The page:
Editor's Note: Debra J. Saunders is off. The following column is by Jackie Gingrich Cushman.
It's official, the 2016 presidential race is underway. At first glance, the matchup might look similar to the one we saw in each of the last few cycles: the inevitable Democratic nominee against dozens of Republican candidates. But it's not.
The Republican National Committee announced in January new rules regarding sanctioned debates. This, combined with a fuller field of "top-tier" Republican candidates, will result in a much different Republican primary process than we saw four years ago.
The events started on May 5, 2011, in Greenville, South Carolina, and ended on March 3, 2012, in Wilmington, Ohio. Between those two dates, there were 27 forums and debates, 20 of which were sanctioned by the RNC.
By the time the Wilmington event occurred, the field had been winnowed considerably, and the participants included the last candidates standing: Mitt Romney, Rick Santorum and Newt Gingrich. By the end, Romney had participated in 23 of these events, Gingrich in 26 and Santorum in 24.
It had been a hectic pace -- in some weeks, it was a challenge just to get from one debate venue to the next. Throughout, the media focused on debate winners and gaffes.
This year, the RNC announced it has scaled back the process, to "limit the number of debates, spread the debates across the country by sanctioning no more than one debate per state, allocate the debates over the course of seven months, include a larger conservative media presence and allow campaigns to know and plan for the debate schedule early."
The goal: to protect the eventual Republican nominee and to gain more control over the process. According to a Jan. 16 Politico article by James Hohmann and Alex Isenstadt, the changes went beyond limiting the number of debates. "To give their push to control the debate process teeth, the party announced Friday that any candidate who participates in a debate that isn't sanctioned by the RNC will not be allowed to participate in any more sanctioned debates," they wrote. "A question clouding the effort has been whether media organizations and cash-strapped candidates desperate for free airtime would go forward with unofficial debates, undercutting the whole process. But the stiffness of the penalty will probably deter such behavior."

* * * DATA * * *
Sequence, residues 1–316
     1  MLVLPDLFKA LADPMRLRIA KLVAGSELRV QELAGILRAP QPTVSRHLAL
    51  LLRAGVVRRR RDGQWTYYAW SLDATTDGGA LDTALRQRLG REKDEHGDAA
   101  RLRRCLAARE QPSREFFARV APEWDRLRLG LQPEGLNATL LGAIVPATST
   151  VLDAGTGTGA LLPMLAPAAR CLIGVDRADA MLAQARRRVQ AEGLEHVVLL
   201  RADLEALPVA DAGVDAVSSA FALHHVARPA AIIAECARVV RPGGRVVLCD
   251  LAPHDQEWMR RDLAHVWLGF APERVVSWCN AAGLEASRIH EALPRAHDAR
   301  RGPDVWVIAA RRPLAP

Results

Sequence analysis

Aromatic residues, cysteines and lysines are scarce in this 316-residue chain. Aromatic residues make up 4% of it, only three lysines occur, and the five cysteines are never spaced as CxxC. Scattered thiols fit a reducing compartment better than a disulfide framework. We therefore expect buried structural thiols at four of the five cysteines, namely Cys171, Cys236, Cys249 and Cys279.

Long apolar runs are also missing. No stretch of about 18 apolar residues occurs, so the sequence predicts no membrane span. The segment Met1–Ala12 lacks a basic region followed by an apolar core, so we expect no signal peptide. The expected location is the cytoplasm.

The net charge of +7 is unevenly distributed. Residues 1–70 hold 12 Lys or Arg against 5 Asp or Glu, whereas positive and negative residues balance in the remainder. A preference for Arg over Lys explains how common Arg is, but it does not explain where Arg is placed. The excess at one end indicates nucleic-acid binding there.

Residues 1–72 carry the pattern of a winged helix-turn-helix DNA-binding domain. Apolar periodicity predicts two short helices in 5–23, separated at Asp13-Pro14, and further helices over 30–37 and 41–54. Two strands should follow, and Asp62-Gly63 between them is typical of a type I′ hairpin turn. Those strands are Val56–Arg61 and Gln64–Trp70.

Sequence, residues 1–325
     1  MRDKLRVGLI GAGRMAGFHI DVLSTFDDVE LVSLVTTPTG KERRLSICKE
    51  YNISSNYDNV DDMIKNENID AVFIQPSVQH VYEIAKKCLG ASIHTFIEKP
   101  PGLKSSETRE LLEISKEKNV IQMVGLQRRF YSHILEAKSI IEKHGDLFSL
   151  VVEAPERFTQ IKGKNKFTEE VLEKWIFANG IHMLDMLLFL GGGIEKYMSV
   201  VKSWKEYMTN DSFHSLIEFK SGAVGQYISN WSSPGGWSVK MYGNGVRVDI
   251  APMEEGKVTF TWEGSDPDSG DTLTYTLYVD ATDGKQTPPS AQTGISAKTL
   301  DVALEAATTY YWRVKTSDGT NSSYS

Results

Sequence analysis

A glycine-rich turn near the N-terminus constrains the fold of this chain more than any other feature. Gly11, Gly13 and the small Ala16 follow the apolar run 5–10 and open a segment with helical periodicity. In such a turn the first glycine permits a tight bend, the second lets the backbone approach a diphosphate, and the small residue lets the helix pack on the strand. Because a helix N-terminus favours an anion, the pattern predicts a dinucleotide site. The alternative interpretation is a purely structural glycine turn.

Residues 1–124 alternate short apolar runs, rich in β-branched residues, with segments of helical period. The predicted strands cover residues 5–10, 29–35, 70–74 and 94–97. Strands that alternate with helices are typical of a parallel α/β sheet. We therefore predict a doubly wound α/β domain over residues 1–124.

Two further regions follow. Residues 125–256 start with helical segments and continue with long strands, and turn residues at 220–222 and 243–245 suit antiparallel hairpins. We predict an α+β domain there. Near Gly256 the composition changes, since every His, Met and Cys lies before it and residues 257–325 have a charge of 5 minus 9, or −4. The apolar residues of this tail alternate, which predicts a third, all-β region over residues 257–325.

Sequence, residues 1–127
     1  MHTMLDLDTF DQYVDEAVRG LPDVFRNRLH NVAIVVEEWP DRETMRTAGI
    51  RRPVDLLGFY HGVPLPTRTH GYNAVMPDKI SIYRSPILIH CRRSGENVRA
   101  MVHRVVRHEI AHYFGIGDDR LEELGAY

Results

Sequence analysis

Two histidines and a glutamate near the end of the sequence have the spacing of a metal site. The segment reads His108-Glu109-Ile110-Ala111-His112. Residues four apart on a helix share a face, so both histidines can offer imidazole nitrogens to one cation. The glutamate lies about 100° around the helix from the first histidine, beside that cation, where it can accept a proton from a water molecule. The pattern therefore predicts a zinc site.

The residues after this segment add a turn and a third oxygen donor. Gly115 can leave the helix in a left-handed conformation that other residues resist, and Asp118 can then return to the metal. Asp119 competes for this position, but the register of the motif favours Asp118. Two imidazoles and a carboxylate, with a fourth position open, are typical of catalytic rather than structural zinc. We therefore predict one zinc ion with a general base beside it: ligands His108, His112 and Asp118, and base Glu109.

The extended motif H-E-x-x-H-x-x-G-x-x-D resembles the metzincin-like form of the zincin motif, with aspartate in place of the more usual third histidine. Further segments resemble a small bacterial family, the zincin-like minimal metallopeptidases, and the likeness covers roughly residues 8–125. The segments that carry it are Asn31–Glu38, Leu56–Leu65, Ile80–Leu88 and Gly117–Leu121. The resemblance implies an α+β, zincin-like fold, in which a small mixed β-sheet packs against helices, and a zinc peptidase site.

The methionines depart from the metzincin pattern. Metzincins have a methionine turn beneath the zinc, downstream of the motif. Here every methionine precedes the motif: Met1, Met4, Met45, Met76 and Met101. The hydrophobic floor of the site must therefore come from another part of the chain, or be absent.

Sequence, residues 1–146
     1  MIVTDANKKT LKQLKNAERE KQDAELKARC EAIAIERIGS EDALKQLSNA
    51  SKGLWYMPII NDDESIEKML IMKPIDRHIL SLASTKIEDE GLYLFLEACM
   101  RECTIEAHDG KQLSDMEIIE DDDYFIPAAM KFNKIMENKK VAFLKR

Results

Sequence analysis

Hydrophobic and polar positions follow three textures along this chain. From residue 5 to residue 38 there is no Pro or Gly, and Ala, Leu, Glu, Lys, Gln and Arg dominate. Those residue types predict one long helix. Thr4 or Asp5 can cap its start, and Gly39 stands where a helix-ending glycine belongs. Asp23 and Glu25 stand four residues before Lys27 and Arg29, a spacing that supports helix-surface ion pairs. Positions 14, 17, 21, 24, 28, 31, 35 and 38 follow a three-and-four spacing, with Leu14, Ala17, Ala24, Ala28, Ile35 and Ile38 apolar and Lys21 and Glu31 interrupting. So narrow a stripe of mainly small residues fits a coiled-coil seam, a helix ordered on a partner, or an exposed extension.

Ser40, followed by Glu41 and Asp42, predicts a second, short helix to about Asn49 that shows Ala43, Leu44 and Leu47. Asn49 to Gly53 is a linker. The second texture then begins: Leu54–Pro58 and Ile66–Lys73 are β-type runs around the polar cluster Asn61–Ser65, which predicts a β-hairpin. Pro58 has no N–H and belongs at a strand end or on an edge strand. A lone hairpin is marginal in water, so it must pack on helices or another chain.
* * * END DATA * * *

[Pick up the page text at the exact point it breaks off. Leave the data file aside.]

By the end of December 2011, 18 forums and debates had been held: four in Iowa, four in New Hampshire and two in South Carolina. In contrast, by the end of December 2015, just five debates will have been held, with none of them located in Iowa, New Hampshire or South Carolina.
Instead, they will be held in Ohio, California, Colorado, Wisconsin and Nevada.
This is expected to reduce the media frenzy in the early states and provide visibility to states the RNC is courting for the general election. These five states hold a combined 97 electoral votes (keep in mind 270 votes are needed to win the presidential election). California (55) and Wisconsin (10) have voted Democratic in since 1988. Ohio and Nevada have voted Democratic in three of the last five presidential races, with Colorado voting Democratic only twice.
The first early state to get a debate is Iowa, in January, followed in February by New Hampshire and South Carolina. By then, a clear top tier of candidates should have emerged.
The Republican field is shaping up differently than it did during the last cycle. Four years ago, Romney, who held 16 percent in the polls, was the only candidate who was attracting more than 10 percent of likely voters in polls. He was followed by Gingrich (9 percent), Paul (6 percent), Bachman (4 percent) and Santorum (2 percent). Bachman would go on to win the Ames straw poll; Gingrich would surge in November, peaking in December at 35 percent, pulling ahead for six weeks. Paul would steadily improve and hold at 15 percent, and Santorum would peak in February at 34 percent, holding above Romney for two weeks.
This year, the field appears much closer, with four candidates above 10 percent. Jeb Bush is leading at 17 percent; Scott Walker is right behind at 15 percent; Ted Cruz is at 11 percent and Rand Paul is at 10 percent. During the last cycle, only one candidate -- Romney -- was attracting such support.
While the race might look the same from the outside, the new rules will make a difference. Look for candidates to find new and exciting ways to create their own momentum and viewer engagement rather than running from debate to debate.